Search This Blog

Wednesday, February 10, 2016

Medieval Times

Donald Trump responds to criticism over his statement in Saturday night's debate that he would bring back "a hell of a lot worse" than waterboarding if he becomes president.
CHUCK TODD: Okay. What's the worse?
DONALD TRUMP: Well you didn't see what I said before that. What I said before that was in the Middle East you have people chopping off other people's heads. This hasn't happened since Medieval times. There's never been anything like this. And I talked about that. And then I said, "And by the way, waterboarding is peanuts compared to what we're talking about happening there." So I said, "I would absolutely approve waterboarding and I'd go a lot further than waterboarding."
CHUCK TODD: What does that mean? What is a lot further? I mean--
DONALD TRUMP: I'm not going to define it to you on this program. But I would be very much in favor of going beyond waterboarding. And believe me, in terms of getting information, it works.
CHUCK TODD: Don't you worry though, that look -- we're the United States. We set an example. We're supposed to be better than that. We're supposed to be -- as much as -- look, look at the Medieval, we don't do those things.
DONALD TRUMP: It's like Medieval times over there.
CHUCK TODD: We don't want to be barbaric. They want to be barbaric. We're not barbaric.
DONALD TRUMP: OK. They can do it, but we can't. Look, when they fly planes into the World Trade Center, kill thousands of people and many many other things, you see what's happening all over the world -- whether it's Paris or here or anywhere else -- you can do waterboarding and you can go a step beyond waterboarding. It wouldn't bother me even a little bit.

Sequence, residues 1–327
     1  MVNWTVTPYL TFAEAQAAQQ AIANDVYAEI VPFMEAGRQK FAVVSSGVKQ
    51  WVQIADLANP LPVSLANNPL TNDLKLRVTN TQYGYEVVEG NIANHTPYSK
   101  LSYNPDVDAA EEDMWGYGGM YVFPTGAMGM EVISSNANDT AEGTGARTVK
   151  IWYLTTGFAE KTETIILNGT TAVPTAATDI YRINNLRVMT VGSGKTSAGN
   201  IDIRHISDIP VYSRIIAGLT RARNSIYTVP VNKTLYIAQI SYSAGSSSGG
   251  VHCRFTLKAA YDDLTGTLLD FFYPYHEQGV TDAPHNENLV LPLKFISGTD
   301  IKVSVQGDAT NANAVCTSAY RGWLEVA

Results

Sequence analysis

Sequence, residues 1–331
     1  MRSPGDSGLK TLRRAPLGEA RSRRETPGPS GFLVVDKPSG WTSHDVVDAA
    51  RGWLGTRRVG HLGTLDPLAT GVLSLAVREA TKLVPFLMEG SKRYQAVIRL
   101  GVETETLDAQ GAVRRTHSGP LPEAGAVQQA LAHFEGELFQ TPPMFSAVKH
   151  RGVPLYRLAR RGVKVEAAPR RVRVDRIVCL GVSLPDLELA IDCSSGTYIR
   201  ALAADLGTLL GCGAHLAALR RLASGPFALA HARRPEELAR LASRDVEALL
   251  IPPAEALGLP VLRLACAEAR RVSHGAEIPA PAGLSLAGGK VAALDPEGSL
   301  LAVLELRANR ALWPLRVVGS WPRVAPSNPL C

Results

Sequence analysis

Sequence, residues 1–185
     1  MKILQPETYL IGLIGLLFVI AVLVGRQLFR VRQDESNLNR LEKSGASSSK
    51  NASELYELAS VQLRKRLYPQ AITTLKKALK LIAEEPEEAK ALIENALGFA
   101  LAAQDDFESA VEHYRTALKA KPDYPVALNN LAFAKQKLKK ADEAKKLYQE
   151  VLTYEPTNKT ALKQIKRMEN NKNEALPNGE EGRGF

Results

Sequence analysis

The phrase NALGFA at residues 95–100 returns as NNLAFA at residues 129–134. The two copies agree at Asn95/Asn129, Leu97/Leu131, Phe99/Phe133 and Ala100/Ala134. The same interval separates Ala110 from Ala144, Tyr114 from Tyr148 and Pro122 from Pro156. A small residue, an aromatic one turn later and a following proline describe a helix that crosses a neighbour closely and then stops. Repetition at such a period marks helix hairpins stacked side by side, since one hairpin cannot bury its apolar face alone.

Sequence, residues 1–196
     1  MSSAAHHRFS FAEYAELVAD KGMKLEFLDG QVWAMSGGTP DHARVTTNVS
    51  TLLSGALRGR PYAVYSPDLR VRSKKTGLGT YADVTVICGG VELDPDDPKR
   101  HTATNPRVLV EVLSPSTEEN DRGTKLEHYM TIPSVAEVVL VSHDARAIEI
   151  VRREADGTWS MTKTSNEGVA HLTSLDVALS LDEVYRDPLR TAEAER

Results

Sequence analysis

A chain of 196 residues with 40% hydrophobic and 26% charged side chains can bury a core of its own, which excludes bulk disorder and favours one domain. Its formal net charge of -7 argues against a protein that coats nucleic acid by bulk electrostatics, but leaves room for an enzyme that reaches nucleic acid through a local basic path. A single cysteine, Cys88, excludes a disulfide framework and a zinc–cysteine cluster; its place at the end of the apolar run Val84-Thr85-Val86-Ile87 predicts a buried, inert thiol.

Trump seems to derive his policy on interrogation from a scene in Pulp Fiction in which a crime boss is about to get revenge on someone who has just assaulted him.  He says he will call on "who'll go to work on the homes here with a pair of pliers and a blow torch. You hear me talkin', hillbilly boy? I ain't through with you by a damn sight. I'ma get medieval on your ass."

Around the world, public opinion is divided about whether government-sponsored torture can ever be justified as part of efforts to prevent terrorist attacks, according to a spring 2015 Pew Research Center survey of 38 nations. A median of 45% across the countries polled said they did not believe use of torture by their governments against suspected terrorists to try to gain information about possible attacks in their country could be justified. A median of 40% thought the use of torture could be justified in such cases.
Looking at public opinion across major regions, the view that torture may be justified is most common in sub-Saharan Africa, where a median of 55% hold this view; it is least common in Latin America (a median of 25%).
The U.S. public is among the most likely to consider torture justifiable: 58% say this, while only 37% disagree. There are only five nations in the survey where larger shares of the public believe torture against suspected terrorists can be justified: Uganda (78%), Lebanon (72%), Israel (62%), Kenya (62%) and Nigeria (61%).